at Bluffton
1908 - 1938

Buster Keaton
and the
Muskegon Connection

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The Trip to Bluffton

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Incorporated in March 1899 by Arch W. Shaw and Louis C. Walker, the Shaw-Walker Company originally located in two vacant stores on the side-street frontage of the Opera House block in downtown Muskegon. The business occupied an area measuring 36 x 70 feet.
The company relocated a year later to a new one story building at Seventh St. and Western Avenue. Within four years, Shaw-Walker had grown from 11 employees to 175 with sales of it's filing devices in every state in the U.S. and beyond. (The one story building was later occupied by Muskegon Laundry, and in later years, the Gospel Mission. It was razed in 1954.)
A consolidation with the Muskegon Cabinet Company in 1903 began a shift of manufacturing to the Muskegon Cabinet location on W. Western Ave between Division and Hudson. Within six months, work began on expanding the three story facility.
In 1911, a three story 66-foot square office building was constructed at the corner of Division and Michigan Avenue using attractive paving bricks for the facade. A five-story addition followed. Constructed at the corner of W. Western and Division, the building was designed in 1912 by Albert Kahn, "the foremost American industrial architect of his day," and his associate, Ernest Wilby. Built in early 1913, the structure housed manufacturing of the company's latest line of products - steel filing cabinets.
With the addition to the product line, Shaw Walker saw continued growth. The slogan, "Built Like a Skyscraper" began to appear in advertising around 1917.
The Stewart Hartshorn Company. Manufacturers of spring shade rollers, 1912 advertising indicated that the plant had 385,000 square feet of floor space and occupied 36 acres of land, with 2 miles of dock frontage boarding the shore of Muskegon Lake.
Later redeveloped into shopping destination known as Lumbertown.
The Muskegon Brewing Company at Lakeshore Drive and Muskegon Avenue. Muskegon Brewing Company
The old offices of the Muskegon Brewing Company once located at the top of Brewery Hill.
Alexander Rodgers house - 1259 Lakeshore Drive - today known as the Port City Victorian Inn Bed & Breakfast.
In 1912, lumberman Thomas Hume donated money for the construction of an "Old People's Home" at the intersection of Lake Street and Southern Avenue.
Today, it is know as the Hume Home.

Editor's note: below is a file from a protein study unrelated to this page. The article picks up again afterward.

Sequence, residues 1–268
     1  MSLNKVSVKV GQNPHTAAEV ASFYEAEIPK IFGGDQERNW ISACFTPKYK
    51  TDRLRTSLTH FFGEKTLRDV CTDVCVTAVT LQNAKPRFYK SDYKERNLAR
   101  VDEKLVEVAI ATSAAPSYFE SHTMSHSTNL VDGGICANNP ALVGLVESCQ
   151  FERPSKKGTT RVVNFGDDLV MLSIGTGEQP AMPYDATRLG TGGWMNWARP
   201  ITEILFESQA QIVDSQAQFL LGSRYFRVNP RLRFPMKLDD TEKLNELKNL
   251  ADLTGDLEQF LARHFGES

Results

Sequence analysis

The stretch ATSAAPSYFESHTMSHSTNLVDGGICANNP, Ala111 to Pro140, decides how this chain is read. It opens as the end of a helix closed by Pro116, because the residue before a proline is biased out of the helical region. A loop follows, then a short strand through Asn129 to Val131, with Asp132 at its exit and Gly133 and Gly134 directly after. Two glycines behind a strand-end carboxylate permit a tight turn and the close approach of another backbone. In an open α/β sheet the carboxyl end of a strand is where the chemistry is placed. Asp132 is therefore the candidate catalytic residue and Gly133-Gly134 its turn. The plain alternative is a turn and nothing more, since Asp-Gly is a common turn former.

Standard Oil Tanks - Muskegon
The former location of a sawmill, in the spring of 1912, this site fronting Muskegon Lake and the mouth of Ruddiman Creek was purchased by the Standard Oil Company for the erection of large petroleum storage tanks. According to 1924 press reports, the location could store up to 16,000,000 gallons of gasoline. Serviced by the railroad, after decades of use, the approximately 16 acre site was shut down in 1991 and the tanks were removed. Public access to the waterfront was restored with the City of Muskegon's purchase of the property, and the building of the Lakeshore Bike Path, rimming the southern shore of Muskegon Lake.
Lake Street vehicular bridge, constructed 1891. 
photo by Dick Stauss, November 1985  
Cattle at Ruddiman's Creek.
  The Rivoli Theater opened on Saturday, November 5, 1921 in Lakeside as a silent theater, showing a Tom Mix feature, followed by Wallace Reid in 'The Valley of the Giants' in it's second week of operation. The move to Talkies was made in 1929. Rechristened the Our Theater in 1931, in was a single screen theater.

The theater, with its distinctive rounded roof, can be seen in the picture below, taken in 1939. The theater would again be renamed in 1965 as the Harbor Theater.
Lakeside Business District, Muskegon The Lakeside shopping district.
With the demise of the lumbering industry, local leaders saw the need to diversify the local economy.  In 1889, Chase Brothers was drawn to Muskegon by the Muskegon Board of Trade (later known as the Chamber of Commerce) from Grand Rapids. It was the first of numerous businesses to open in or relocate to Muskegon. 
Central Paper Company, around 1912.  The plant dates from 1899 when Eugene Meurer arrived from Germany, with plans to manufacture paper.  He purchased 15 acres next to the Chase-Hackley Piano Company, on the shore of Muskegon Lake. The mill was closed in 2009 and demolition of the facility began in 2012.
Muskegon Country Club The Muskegon Country Club. In October 1908, the Muskegon Golf Club purchased land for a course. Scottish designer Tom Bendelow, nicknamed the Johnny Appleseed of American Golf, was employed to layout the property. In 1920, the group contracted with famed course designer Donald Ross for a major redesign.
Linderman Machine Co. on Lake St. (now Lakeshore Dr.) in 1911. It would later be known as Linderman Steel and Machine Co and during the war years, the company switched over to the manufacture of munitions.  Ultimately, the plant was purchased by Borg-Warner and operated for many years as Norge Machine Products.